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Chris Matthews, president of forwarder Rodair International, is bracing for a surge in airfreight across Canada in the run-up to October 17, when edibles of a special kind are set to take to the skies.
A year after legalising recreational use of cannabis last October, the federal government in Ottawa is allowing the sale of cannabis-infused edibles from licensed producers.
“We’ll see a lot of volume from now to October,” said Mr Matthews, who also serves as chief operating officer. “October 17 will be a big day in airfreight.”
Sales of edible products of this nature are projected to reach C$4.1bn ($3.113bn) by 2022. In US states where recreational use of cannabis has been legalised, edibles make up about 12-15% of the market.
Producers of cannabis have responded to the Canadian legalisation of recreational use with alacrity. Aurora Cannabis operates an 800,000 sq ft facility at Edmonton International Airport and is in the process of adding a second building with a footprint of 400,000 sq ft. The existing facility can produce over 100,000 kg a year.
Rodair, being taken over by Rhenus Logistics, has built up a strong position in cannabis logistics and has set up a special division to look after this business.
“It is a real growing vertical,” Mr Matthews said.
To secure steady flows of the new traffic, Rodair has partnered with Cargojet, Canada’s largest all-cargo carrier, which has been moving cannabis regularly through its network since last October.
It has carried some smaller quantities of medical cannabis and performed a few charters carrying seedling plants to new production facilities in the run-up to legalisation.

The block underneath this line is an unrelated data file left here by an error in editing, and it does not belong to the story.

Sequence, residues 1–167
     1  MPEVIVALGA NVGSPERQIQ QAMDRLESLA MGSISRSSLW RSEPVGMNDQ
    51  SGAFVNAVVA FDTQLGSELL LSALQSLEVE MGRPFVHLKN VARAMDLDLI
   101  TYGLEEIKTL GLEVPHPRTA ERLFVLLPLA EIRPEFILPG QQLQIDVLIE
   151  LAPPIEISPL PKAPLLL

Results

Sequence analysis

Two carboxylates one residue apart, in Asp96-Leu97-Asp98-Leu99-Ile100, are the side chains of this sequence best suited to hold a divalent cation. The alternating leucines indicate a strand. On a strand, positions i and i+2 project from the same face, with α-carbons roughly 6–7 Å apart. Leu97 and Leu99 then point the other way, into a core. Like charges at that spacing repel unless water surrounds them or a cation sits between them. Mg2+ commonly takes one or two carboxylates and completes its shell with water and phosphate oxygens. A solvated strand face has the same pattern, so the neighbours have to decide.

In the main, Cargojet provides linehaul to all major parcel carriers, from Canada Post to FedEx, UPS and DHL. In 2015 it added Amazon to its clientele.
After four years of high double-digit growth, this relationship got a lot closer last month, when Cargojet signed a strategic agreement with Amazon.com NV Investment Holdings, under which the airline will issue warrants to Amazon to purchase variable voting shares that will vest based on the achievement of commercial milestones related to their business.
This will allow the e-commerce giant’s affiliate to acquire up to 9.9% of the carrier’s variable voting shares in a first tranche that will vest over a period of six and a half years, provided Amazon delivers up to C$400m in business volumes. It can obtain an additional 5% stake in a second tranche upon generating another C$200m.
But at Rodair, the agreement was met with unease.
“We’re concerned once Amazon has an ownership position and its traffic keeps growing, what that’s going to do to our supply of lift for our cannabis business,” Mr Matthews said. “We’re worried Amazon will leverage its ownership to secure priority for its product.”
Jamie Porteous, executive vice-president of Cargojet, dismissed such misgivings, saying the agreement with Amazon “shouldn’t lead to any dilution of other business we get from other customers”.
“It doesn’t give Amazon any additional priority of getting capacity or of boarding first,” he continued.
Mr Porteous acknowledged that Amazon had produced growth year after year, well in excess of Cargojet’s other clients, but added that Cargojet could add lift if it were to come close to capacity – which he does not expect to happen for some time.
And if Amazon were to press its case further down the road, it would risk antagonising the cannabis users of Canada – so some of its potential business would likely go up in smoke.